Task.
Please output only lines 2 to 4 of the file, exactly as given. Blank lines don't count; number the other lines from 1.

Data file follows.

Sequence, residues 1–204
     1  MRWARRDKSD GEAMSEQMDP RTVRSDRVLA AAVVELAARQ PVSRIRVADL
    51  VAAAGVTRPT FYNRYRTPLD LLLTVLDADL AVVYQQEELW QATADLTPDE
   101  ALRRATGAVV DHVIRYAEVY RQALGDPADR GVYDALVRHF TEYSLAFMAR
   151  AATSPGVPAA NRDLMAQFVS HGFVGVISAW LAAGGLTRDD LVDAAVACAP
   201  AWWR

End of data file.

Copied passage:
     1  MRWARRDKSD GEAMSEQMDP RTVRSDRVLA AAVVELAARQ PVSRIRVADL
    51  VAAAGVTRPT FYNRYRTPLD LLLTVLDADL AVVYQQEELW QATADLTPDE
   101  ALRRATGAVV DHVIRYAEVY RQALGDPADR GVYDALVRHF TEYSLAFMAR